EUROPEAN BROKERS SURVEY: How to survive in European broking
Stockbroking is now concentrated in a very few hands. Fund managers are much more sophisticated, withdedicated dealing desks and in-house analysts. Andrew Capon looks at what's beengoing on behind the results of this year's ninth annualEuromoney/Global Investor European brokers poll
European stockbroking is facing further consolidation in the next few years. Forthose firms not in the top half of the tables for pan-European research andexecution and for those that fail to make the top three slots in the individualcountry tables, survival will not be easy.
That is the stark conclusion of this year's European brokers' survey. Askedwhether the number of brokers they use in European markets is rising, falling orstable, over two-thirds of responding fund managers replied that the number wasfalling or stable. Although in the past 18 months there has been a flurry ofacquisitions among brokers jostling to cope with these new competitive realities- ABN Amro's acquisition of Alfred Berg, Merrill Lynch's acquisition of theUK's Smith New Court, Spain's FG Inversiones and Carnegie's Italian business, andDresdner Bank's acquisition of Kleinwort Benson - it is clear thatconsolidation is far from over.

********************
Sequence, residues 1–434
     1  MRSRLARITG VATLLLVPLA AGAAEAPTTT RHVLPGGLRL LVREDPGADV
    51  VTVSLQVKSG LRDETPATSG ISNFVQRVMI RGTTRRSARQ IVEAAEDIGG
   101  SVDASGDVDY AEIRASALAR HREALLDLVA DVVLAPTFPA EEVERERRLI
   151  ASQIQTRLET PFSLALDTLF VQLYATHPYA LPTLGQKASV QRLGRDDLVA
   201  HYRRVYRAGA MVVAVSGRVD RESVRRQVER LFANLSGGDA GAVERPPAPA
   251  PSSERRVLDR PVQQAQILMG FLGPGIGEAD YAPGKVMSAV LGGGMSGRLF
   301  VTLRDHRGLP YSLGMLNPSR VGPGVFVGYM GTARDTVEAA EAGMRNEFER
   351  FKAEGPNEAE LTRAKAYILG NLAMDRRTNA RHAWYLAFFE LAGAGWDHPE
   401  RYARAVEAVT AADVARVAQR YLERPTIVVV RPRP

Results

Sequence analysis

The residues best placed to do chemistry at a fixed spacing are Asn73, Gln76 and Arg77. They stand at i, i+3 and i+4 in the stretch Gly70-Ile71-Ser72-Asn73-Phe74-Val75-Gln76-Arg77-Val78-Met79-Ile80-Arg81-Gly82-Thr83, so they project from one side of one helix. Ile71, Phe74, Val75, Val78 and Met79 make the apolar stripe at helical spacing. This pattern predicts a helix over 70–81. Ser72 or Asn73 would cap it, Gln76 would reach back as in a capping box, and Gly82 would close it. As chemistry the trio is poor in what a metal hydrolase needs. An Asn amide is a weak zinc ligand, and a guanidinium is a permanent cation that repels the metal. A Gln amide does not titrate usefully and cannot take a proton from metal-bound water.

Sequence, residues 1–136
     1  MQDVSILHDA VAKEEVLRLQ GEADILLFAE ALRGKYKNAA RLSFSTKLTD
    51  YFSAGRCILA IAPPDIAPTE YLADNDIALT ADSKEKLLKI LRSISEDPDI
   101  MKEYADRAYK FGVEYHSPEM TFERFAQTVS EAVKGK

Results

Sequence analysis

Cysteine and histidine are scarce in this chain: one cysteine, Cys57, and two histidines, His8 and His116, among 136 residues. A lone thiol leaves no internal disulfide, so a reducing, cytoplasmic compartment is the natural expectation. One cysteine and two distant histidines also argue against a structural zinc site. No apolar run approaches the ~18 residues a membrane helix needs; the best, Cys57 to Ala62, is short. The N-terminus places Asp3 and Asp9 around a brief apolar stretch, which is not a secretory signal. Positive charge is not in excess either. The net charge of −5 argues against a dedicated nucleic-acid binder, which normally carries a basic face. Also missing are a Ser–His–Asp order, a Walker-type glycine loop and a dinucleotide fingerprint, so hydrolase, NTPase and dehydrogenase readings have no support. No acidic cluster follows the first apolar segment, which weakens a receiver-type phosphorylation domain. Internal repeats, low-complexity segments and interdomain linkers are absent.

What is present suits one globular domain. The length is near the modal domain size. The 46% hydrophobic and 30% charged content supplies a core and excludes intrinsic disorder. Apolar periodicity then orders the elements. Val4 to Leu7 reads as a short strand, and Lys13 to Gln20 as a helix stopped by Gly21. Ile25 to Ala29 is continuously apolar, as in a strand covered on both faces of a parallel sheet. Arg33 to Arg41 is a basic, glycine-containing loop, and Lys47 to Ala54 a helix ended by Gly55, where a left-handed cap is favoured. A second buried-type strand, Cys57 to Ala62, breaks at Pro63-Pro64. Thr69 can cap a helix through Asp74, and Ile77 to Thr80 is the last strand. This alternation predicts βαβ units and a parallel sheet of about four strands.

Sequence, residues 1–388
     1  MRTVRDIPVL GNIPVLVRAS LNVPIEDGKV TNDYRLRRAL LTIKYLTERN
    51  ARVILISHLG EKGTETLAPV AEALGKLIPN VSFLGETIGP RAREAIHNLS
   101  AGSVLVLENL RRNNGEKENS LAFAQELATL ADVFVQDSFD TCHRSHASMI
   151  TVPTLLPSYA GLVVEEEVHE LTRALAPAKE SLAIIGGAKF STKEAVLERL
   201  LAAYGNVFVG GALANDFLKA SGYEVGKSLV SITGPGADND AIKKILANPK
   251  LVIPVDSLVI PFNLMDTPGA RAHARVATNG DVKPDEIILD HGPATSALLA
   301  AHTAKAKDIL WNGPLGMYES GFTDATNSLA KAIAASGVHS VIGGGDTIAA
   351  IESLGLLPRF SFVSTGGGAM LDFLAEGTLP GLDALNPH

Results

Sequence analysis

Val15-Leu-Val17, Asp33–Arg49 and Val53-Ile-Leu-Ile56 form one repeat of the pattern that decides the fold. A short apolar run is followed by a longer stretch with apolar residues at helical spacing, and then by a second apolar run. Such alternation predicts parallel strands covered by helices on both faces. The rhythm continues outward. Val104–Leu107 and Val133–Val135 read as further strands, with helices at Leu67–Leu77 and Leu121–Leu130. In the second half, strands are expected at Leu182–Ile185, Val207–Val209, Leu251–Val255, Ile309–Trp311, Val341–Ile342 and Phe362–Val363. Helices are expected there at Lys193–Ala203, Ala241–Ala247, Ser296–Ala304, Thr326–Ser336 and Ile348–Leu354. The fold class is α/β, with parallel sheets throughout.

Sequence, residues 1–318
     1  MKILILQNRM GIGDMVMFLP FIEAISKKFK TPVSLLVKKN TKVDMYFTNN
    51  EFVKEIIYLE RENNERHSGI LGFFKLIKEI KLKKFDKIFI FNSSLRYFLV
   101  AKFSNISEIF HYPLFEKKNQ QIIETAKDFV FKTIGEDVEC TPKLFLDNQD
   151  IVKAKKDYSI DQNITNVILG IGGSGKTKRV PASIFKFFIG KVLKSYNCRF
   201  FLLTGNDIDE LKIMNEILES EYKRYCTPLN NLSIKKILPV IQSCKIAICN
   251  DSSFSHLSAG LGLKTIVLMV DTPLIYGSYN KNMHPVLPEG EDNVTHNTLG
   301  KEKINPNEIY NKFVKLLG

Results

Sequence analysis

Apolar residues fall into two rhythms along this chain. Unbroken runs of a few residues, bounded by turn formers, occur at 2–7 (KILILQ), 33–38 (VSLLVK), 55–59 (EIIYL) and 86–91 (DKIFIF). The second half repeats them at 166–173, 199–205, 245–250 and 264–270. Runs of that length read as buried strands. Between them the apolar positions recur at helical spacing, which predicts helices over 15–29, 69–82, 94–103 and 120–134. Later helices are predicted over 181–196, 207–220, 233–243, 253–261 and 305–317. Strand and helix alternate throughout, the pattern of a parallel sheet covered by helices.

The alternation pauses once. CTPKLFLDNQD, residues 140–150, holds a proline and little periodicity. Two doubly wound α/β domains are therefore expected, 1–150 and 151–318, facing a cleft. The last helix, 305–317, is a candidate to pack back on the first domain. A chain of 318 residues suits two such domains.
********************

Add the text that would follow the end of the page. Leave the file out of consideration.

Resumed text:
As fund managers choose to deal with fewer brokers, so commission isconcentrating in fewer hands: the rich are getting richer. The rest will go thewall, be acquired, or develop a strategy that will allow them to survive on alower percentage of a commission pot that is still, overall, expanding.
The degree of commission concentration varies from fund manager to fundmanager, but it is now fairly typical for a hard core of 10 brokers to receiveapproximately 70% of all commissions in Europe.